Another of the Wood-warblers to arrive early is the Nashville Warbler. We have tons of these in the Crane Lake area that arrive here on their breeding grounds to raise their family. I would say the Nashville Warbler is probably the most abundant Warbler here in Voyageur Country.
And the Tennessee Warbler is back on their breeding grounds. What funny names for birds! In my opinion, the Nashville Warbler should be re-named the Minnesota Warbler and the Tennessee should be named something besides Tennessee –
The little jewels of the forest are coming back up north in droves now. Another early migrant is the Pine Warbler.
This morning I heard them calling at Handberg’s Marina. They nest in the Pines on the point at Handberg’s. One of their songs is a trill. It sounds a lot like the Chipping Sparrows that are trilling now too. But the Pine Warbler has a more “musical” trill. Okay, I understand that a trill can hardly be musical, but if you listen carefully and often, you can tell the difference between the two trills.
Another good place to find Pine Warblers are in the Pines at the Vermilion Gorge. And a really great place is up on the islands on the big lakes in Voyageurs National Park. You may think they’re insects buzzing sometimes, but sit back and watch for movement in the Pines and you will most likely spot a Pine Warbler.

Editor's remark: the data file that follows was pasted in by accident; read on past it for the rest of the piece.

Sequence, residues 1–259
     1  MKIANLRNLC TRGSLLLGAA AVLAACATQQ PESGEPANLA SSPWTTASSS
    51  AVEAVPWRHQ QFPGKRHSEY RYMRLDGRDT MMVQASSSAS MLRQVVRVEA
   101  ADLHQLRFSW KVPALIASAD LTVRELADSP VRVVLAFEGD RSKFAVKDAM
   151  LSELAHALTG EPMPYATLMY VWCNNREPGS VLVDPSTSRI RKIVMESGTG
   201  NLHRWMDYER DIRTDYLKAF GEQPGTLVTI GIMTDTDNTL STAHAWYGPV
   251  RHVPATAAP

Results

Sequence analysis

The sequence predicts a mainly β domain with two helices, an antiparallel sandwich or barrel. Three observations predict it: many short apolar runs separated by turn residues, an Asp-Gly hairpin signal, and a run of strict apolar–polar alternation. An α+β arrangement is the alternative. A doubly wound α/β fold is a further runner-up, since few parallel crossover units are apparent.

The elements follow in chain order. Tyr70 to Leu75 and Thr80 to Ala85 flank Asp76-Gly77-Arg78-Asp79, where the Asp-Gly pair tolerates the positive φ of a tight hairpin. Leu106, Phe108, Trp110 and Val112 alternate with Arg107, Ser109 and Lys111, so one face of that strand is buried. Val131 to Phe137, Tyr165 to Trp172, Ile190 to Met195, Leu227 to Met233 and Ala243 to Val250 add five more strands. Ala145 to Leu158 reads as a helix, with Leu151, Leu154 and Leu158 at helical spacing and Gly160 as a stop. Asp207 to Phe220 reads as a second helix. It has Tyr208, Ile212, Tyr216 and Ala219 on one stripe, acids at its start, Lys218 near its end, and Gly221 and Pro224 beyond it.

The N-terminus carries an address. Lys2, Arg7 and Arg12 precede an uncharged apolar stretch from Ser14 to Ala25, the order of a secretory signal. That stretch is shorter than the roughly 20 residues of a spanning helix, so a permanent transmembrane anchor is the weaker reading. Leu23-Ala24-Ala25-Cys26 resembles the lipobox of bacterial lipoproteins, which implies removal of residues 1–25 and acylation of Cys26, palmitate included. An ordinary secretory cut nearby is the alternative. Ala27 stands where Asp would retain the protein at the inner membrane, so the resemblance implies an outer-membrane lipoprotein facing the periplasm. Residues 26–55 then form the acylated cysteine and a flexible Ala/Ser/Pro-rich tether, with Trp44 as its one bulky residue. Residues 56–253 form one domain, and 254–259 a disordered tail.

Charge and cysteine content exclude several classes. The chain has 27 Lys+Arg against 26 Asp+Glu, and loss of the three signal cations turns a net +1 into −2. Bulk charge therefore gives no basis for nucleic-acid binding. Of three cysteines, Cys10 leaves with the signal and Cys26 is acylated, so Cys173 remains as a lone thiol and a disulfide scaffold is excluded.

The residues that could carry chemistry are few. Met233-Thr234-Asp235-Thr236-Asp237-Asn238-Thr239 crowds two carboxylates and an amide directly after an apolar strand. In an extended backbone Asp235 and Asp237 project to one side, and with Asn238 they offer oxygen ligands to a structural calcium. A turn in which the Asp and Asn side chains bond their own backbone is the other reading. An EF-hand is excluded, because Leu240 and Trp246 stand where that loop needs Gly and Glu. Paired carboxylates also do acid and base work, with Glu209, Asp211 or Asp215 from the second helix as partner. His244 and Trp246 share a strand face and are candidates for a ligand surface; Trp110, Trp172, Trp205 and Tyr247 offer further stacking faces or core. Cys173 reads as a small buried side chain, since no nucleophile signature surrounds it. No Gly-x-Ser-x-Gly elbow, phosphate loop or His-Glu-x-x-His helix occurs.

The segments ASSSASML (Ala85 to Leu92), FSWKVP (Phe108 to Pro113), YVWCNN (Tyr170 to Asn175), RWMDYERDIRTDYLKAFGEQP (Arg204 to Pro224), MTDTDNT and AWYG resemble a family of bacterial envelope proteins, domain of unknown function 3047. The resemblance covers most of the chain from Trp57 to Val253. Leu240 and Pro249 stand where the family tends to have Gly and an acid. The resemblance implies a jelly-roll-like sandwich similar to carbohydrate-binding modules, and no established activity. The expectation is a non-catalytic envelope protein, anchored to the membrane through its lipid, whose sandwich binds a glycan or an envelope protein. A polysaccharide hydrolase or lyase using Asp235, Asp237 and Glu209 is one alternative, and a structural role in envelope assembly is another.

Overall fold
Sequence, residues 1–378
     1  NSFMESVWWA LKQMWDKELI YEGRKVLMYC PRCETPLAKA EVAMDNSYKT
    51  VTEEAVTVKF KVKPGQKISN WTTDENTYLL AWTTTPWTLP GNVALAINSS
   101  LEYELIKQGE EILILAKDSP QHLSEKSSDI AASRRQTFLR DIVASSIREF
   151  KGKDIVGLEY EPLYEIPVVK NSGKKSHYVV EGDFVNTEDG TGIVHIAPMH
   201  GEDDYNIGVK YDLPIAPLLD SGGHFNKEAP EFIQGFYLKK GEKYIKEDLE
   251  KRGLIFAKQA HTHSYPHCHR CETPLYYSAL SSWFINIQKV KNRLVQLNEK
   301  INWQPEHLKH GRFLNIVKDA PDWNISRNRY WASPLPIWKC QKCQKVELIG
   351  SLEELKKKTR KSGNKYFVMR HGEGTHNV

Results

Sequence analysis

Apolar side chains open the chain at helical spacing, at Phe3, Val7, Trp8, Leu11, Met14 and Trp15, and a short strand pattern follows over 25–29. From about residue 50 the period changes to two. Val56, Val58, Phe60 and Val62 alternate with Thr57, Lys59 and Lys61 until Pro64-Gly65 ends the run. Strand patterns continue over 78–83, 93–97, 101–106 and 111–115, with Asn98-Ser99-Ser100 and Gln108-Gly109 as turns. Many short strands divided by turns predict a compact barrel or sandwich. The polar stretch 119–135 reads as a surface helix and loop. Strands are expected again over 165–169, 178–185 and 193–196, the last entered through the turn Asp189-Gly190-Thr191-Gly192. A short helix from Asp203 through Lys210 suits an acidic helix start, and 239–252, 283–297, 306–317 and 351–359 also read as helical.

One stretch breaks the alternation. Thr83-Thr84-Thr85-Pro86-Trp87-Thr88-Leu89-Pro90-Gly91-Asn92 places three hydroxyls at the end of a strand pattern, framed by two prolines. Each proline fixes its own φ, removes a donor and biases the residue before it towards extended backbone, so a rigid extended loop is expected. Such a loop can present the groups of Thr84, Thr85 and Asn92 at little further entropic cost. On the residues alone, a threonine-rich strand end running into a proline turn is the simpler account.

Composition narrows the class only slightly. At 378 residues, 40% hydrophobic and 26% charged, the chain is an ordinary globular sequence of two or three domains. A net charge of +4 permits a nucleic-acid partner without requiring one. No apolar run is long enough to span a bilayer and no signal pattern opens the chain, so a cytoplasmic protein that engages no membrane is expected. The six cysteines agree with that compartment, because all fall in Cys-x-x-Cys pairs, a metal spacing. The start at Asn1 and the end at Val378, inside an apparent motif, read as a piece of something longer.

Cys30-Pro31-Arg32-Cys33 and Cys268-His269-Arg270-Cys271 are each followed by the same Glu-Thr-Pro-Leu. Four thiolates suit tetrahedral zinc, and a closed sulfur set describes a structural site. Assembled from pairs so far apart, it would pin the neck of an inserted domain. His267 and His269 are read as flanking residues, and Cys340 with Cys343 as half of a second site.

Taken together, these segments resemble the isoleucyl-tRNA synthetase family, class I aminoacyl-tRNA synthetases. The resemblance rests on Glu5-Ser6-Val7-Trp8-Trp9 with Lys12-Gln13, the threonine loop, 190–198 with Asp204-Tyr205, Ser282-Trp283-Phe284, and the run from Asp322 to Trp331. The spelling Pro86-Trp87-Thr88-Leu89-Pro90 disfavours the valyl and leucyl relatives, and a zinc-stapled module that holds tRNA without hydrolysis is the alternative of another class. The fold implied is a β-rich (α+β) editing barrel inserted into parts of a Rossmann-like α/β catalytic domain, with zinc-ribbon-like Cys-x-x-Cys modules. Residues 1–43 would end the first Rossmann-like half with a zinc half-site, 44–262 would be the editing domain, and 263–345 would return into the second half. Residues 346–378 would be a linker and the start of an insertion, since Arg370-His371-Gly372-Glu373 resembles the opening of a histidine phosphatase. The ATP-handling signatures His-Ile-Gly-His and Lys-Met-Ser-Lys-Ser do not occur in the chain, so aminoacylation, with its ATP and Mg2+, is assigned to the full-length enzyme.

In my opinion, this is one of the few birds that are actually named for their habitat and it makes sense.
Black & White Warbler
The Black & White Warbler makes an early come back. I have a friend that affectionately calls this bird the “Zebra Bird”, I like that!
They were previously called a Black and White Creeper because of their behavior. They act more like a Nuthatch or a Brown Creeper in the way that they forage. They will creep along branches sometimes hanging upside down as they look for insects and their larvae.
Black & White Warbler battling an insect
Up north, one of the earliest flowers to bloom in the spring is the Trailing Arbutus. They have a lovely aroma, but you have to get down close to smell the light fragrance.
Trailing Arbutus, not snow!
Birds are trickling back into the area. The first Warbler to arrive is the Yellow-rumped Warbler – subspecies “Myrtle”
“Myrtle” sub-species of the Yellow-rumped Warbler
Many of the birds are coming back already and setting up their nests.
Tree Swallows, Trumpeter Swans, Osprey, Eastern Phoebe are all anxious to get started on their new families.
This morning, the Kingfisher is rattling back at the gravel pit and the Wilson’s Snipe is winnowing overhead. The Tree Swallows are repairing their nest in the nest box down by the driveway and now it’s raining. Just in time for May Day!
I found this very animated Hermit Thrush down the Echo Trail the other day. Their song is one of the most beautiful birdsongs out there. Their flute-like voice can be heard through out the woods up north. The Hermit Thrush is one of our most common birds and they are most often heard, but not seen. They are known skulkers and rarely come out and show themselves.
Formerly known as Snowbirds, the Juncos are coming back up north in droves.